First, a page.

It’s hard to remember Broad Street without Rough Trade as an occupant. The record store, bar and gig venue turns five later this year, and over the past half-decade has earned its stripes as an integral part of Nottingham’s music scene. We caught up with bar manager, Sam Allison, to talk Drag Bingo, Record Store Day, and footprints on the ceiling…
Some people were surprised that Nottingham was chosen for the first UK Rough Trade outside London. Do you think the doubters have been proven wrong?
I don’t think there were any doubts to begin with – just a lot of positivity. It was the time when Jake Bugg and Sleaford Mods were around, and Maximo Park had just recorded an album here. Nottingham had a history of bands doing big things. You had Music Exchange, a charity-run music organisation, and Rob’s Records, selling primarily second-hand stuff. The city was crying out for an independent record store that was bringing out new releases every week. Nottingham swiftly becomes the favourite store of people working in the company and also with artists. They’ll play all three Rough Trades – East London, Bristol and here – and often say how amazing the Nottingham store is.
Has the record industry changed since Rough Trade opened in Nottingham?
The industry itself has grown. Music Exchange went shortly after we arrived, but you’ve got Forever Records now, which is a great record shop doing fantastic things. They have a nice niche amount of records, and stock things which we perhaps don’t. You see a lot more record fairs popping up now too, so the record scene is much healthier. And we’ve grown as a business year on year. We’re doing better and better, with bigger artists coming through, and local acts doing great things in store. We’ve hit a little bit of a plateau now, but the record scene has certainly flourished since we’ve been here.
What do you think caused the vinyl revival?
When I joined Rough Trade over three years ago, I had a few pieces of vinyl, but nothing to play them on. Since working here, I’ve seen people bringing out records which have something different about them. It’s the enjoyment of a piece of physical media which someone has put a lot of time into. It’s music, but also artwork, inserts, special things that come with the record. There’s a Father John Misty record, I Love You, Honeybear, that pops up and plays the intro to the first track when you open it up. I also think we had got into an attitude of only listening to a few songs off albums, because they were the ones we liked. Now, people want to listen to albums in full again; there is something more immersive about it.
Rough Trade is so much more than just a music store. Was it always the plan to have such a jam-packed events programme?
Throughout the whole of March, I think there were three nights when there wasn’t something happening. The scope here was always to use the space upstairs not just as a venue for label-related stuff, but as a hub for the community to put on events, not always related to music. We go from having the likes of Jason Williamson from Sleaford Mods doing a Q&A, to a plant swap, to a night hosted by the Punk Society at Trent Uni - three nights that are completely different. We try to be a venue where people can come and try things out. Drag Bingo is a good example - it’s such a good laugh. It’s one of those events where you see people from different walks of life just having a good time, playing some bingo, laughing along with some drag queens.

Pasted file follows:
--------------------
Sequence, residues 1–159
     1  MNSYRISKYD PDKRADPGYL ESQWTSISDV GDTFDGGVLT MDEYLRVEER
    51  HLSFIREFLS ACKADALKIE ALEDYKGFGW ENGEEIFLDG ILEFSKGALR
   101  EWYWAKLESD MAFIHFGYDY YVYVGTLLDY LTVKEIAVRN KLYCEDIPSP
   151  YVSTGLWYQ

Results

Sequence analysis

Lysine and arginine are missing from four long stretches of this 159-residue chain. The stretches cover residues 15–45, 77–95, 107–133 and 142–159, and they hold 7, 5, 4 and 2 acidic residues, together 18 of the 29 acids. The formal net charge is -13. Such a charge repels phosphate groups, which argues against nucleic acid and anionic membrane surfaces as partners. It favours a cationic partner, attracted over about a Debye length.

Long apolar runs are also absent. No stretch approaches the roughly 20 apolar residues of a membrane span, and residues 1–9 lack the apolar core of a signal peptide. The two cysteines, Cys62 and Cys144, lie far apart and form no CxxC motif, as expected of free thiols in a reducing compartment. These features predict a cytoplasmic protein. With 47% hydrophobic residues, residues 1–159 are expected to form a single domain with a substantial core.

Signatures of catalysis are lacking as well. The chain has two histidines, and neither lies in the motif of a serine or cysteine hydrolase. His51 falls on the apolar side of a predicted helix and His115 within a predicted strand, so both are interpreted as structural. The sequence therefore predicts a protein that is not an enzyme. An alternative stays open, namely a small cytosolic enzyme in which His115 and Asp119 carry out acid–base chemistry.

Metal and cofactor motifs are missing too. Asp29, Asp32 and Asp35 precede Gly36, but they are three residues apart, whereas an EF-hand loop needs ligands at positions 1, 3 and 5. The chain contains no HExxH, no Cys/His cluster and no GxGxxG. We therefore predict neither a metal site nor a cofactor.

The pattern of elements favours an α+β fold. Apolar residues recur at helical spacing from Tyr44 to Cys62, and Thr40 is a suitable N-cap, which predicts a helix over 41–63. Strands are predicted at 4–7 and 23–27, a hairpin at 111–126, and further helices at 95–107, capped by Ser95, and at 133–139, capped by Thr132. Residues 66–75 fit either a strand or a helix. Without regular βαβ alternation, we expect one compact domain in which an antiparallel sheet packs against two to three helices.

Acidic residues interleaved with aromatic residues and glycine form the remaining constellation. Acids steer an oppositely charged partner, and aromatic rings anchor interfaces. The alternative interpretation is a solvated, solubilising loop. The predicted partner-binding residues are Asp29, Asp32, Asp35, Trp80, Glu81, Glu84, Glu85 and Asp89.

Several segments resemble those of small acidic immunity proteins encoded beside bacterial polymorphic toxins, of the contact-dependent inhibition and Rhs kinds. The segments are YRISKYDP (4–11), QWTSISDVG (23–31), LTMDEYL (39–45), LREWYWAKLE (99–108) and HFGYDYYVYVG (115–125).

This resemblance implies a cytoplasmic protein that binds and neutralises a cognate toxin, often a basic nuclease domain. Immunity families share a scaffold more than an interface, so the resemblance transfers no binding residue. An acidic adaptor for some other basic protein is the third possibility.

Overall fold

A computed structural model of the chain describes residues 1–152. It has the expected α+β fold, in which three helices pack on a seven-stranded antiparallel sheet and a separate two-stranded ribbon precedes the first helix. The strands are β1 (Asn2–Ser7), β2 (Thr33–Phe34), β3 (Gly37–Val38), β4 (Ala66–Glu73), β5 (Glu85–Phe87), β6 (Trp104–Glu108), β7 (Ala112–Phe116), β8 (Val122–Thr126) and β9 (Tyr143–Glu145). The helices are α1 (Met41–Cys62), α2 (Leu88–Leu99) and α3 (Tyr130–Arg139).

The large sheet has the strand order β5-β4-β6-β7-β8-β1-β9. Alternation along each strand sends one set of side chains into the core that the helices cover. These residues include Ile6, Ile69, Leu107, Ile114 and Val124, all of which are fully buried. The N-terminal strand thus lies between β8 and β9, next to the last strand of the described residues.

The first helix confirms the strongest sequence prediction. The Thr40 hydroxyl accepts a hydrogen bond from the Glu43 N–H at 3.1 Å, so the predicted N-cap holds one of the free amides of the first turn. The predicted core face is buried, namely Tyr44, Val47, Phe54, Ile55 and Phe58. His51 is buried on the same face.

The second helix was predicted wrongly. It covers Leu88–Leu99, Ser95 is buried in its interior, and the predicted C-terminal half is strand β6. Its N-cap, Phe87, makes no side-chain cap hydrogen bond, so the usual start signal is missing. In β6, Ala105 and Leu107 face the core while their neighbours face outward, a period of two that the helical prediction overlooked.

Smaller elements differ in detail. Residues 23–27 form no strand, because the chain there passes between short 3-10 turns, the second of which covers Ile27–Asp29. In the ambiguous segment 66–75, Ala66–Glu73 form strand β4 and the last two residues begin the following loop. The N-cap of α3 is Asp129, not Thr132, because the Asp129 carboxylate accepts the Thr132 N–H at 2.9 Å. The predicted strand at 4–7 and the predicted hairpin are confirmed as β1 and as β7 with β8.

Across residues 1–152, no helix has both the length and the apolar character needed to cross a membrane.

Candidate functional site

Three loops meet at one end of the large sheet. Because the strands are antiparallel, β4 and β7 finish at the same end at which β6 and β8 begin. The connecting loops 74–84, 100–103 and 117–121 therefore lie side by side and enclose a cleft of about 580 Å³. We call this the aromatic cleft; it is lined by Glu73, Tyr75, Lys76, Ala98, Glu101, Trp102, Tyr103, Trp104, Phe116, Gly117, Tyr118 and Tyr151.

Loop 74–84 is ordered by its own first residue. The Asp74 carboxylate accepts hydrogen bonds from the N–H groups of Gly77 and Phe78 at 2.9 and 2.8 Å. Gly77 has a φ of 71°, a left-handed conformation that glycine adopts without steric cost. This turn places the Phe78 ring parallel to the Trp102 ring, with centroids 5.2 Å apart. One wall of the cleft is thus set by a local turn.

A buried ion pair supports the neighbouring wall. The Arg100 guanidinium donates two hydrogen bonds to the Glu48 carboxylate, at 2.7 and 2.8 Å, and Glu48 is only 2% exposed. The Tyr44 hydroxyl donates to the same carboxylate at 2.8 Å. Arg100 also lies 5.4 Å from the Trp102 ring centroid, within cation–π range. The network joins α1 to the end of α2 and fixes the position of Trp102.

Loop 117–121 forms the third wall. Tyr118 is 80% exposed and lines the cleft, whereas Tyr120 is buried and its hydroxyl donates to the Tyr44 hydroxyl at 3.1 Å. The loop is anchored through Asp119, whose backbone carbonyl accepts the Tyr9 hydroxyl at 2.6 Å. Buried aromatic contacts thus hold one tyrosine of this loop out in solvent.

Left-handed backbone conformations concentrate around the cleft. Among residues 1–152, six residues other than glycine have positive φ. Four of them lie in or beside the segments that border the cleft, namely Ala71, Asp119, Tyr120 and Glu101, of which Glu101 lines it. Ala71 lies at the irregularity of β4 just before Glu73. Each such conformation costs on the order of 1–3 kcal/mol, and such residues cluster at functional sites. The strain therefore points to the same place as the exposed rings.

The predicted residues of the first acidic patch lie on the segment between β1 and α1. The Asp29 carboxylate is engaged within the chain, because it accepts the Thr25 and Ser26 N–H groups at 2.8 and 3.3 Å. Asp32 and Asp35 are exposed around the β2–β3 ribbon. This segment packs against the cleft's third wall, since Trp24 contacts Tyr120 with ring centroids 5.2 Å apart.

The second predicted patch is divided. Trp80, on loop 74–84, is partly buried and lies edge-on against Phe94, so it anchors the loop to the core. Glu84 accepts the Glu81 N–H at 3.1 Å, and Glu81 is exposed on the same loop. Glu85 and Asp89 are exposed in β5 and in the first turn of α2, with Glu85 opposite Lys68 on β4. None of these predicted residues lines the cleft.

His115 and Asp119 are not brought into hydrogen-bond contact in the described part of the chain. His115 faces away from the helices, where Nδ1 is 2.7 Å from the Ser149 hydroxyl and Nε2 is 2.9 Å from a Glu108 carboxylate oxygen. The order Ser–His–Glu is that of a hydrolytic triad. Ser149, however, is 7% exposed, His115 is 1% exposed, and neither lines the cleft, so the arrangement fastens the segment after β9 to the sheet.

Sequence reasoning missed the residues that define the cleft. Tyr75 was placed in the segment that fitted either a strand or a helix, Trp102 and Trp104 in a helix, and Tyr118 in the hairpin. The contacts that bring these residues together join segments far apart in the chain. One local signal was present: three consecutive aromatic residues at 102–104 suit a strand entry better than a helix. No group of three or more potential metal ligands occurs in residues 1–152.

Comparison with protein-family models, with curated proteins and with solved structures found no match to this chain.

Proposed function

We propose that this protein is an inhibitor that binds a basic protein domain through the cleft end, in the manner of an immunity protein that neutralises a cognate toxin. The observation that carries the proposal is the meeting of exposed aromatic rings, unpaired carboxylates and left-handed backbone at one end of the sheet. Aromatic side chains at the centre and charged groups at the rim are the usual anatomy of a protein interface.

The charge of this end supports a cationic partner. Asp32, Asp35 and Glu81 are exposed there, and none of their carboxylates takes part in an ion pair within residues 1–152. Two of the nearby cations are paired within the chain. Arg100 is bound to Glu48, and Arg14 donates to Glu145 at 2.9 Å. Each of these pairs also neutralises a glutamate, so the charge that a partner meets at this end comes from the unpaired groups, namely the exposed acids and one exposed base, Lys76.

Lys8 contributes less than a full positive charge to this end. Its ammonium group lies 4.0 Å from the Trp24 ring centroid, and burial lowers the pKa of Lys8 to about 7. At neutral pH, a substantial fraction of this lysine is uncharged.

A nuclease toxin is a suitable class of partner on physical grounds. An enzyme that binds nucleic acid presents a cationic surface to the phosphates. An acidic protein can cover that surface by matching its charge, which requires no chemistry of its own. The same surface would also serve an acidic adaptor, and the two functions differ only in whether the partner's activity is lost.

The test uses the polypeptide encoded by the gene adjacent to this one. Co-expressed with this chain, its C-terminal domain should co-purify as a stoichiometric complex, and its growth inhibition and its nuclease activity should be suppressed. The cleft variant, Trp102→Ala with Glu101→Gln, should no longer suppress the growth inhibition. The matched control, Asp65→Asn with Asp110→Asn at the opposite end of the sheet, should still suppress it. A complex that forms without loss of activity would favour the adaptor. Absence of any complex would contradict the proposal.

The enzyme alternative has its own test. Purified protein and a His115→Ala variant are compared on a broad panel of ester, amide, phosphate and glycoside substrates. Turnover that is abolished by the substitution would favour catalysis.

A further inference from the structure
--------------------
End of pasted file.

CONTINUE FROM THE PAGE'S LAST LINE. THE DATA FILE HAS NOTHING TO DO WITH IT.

Things are good, and you know what they say: don’t fix what ain’t broke.
The in-store shows are so intimate, and you host some major artists. Tell us some highlights from the past five years…
Idles last year was absolutely insane. And we did the in-store for Sleaford Mods when they released English Tapas, and that was an amazing show too. Another one that stands out is Frank Carter & The Rattlesnakes. It was the only time we have ever cleared all the furniture out from the bar and let the band play on the floor; they set up the drums and amps in the corner and played with everyone in the space. Frank Carter is one of the best frontmen I’ve ever seen – he was on the bar, upside down in the crowd…his footprints are still on the ceiling somewhere.
What have you got planned for Record Store Day this year?
It’s a real celebration of records and the industry as a whole. Last year we actually had someone queuing outside the store from 2:30pm the day before! But the majority of people start to queue from about 3am onwards. We have the same approach every year: the queue forms outside, we bring them up to the bar early, and then call people down in groups of twenty. With Record Store Day releases, nobody gets reservations. What’s there is there, and it’s first come, first served, so the earlier you get there the better. We run that system until about midday, then the record floor is opened to the public. We have live music upstairs from the early afternoon, and that’s when people start to chill out a bit.
Have you got any celebrations planned for your fifth birthday later this year?
We’ll have to wait and see. With the amount of stuff going on here, there isn’t time to think about the fifth birthday just yet. But birthdays are always a really good one. We have local bands in who we’ve worked with on a regular basis, and that’s really special.
What are Rough Trade’s ambitions for the future?
I personally hope there will be a new Rough Trade store opening somewhere soon, and it’ll be interesting to see where that might happen. But here in Nottingham, right now it’s business as usual. Things are good, and you know what they say: don’t fix what ain’t broke. We’re just happy to be so well-loved by everyone in the city.
Record Store Day takes place on Saturday 13 April
Rough Trade website